In another 20 percent to 25 percent of cases, the EGL team found one pathogenic variant and one VOUS, leaving patients with a likely but not a certain diagnosis. For these patients, a functional assay might be able to reclassify the VOUS as a pathogenic variant. "The idea is, through transcriptome analysis, to prove that this does have an effect on the transcript, causing a splice site defect, an inclusion of a pseudoexon, or loss of expression — there are a variety of things that can happen," Hegde said.

Emory has already been sequencing individual cDNAs for years — usually in a research setting — to prove functional effects of a VOUS in a specific gene, but this will be the first high-throughput clinical transcriptome assay, she said.

EGL designed two RNA-seq assays, which both run on the Illumina HiSeq: a full transcriptome assay and a targeted 89-gene assay that includes all known neuromuscular disorder genes and uses Agilent's SureSelect for target enrichment. Both assays use tissue from muscle biopsies as input material, which is already available for many patients because it is part of the diagnostic algorithm for neuromuscular disorders, Hegde said.

Based on a side-by-side comparison of the two assays, they appear to perform equally well, she said, and EGL will likely start validating the targeted assay first because the amount of data is smaller, with the goal to launch it as a clinical test this summer. "As we gather more experience, we might then go to the full transcriptome," she said. The cost of the targeted assay will be in the same ballpark as that of gene panel tests.

The test has already helped to reclassify VOUS as pathogenic mutations in several patients. In the case of a boy with muscular dystrophy, for example, the Emory team was able to show that a silent variant in a muscular dystrophy gene created a new splice site that impacted the transcript.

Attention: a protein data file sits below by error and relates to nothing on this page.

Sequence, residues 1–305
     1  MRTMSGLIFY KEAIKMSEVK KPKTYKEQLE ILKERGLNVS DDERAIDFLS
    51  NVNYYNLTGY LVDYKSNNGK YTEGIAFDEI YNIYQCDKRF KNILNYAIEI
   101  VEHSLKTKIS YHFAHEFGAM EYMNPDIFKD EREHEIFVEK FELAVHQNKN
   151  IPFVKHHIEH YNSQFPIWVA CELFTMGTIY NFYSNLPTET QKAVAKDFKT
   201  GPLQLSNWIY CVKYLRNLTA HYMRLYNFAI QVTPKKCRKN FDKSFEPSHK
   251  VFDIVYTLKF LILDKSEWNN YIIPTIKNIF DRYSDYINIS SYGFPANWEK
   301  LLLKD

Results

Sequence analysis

However, the functional results cannot be used in isolation. "The data is not standalone data, you have to use it in the full picture of what you know about the patient, his or her family history, the gene, the clinical presentation, segregation data, and any additional studies done," Hegde said.

Hegde estimated that the test could resolve at least half the cases where there is one pathogenic variant and one likely pathogenic VOUS. "There will be some variants where we will not be able to prove a functional defect — it is not actually causing a splicing defect or creating a new exon, but it might be a defect which affects the folding of a protein" or has some other uncharacterized effect, she said. 

Clinical transcriptome assays like this could also be useful in other disorders, and EGL is looking into developing similar assays for bone, eye, and liver disorders. While it may not be possible to obtain samples of the target tissue for many diseases — for example, intellectual disability or other disorders that affect the brain — a transcriptome assay could run on a blood sample instead, provided the gene transcript carrying the VOUS is present in blood, she said.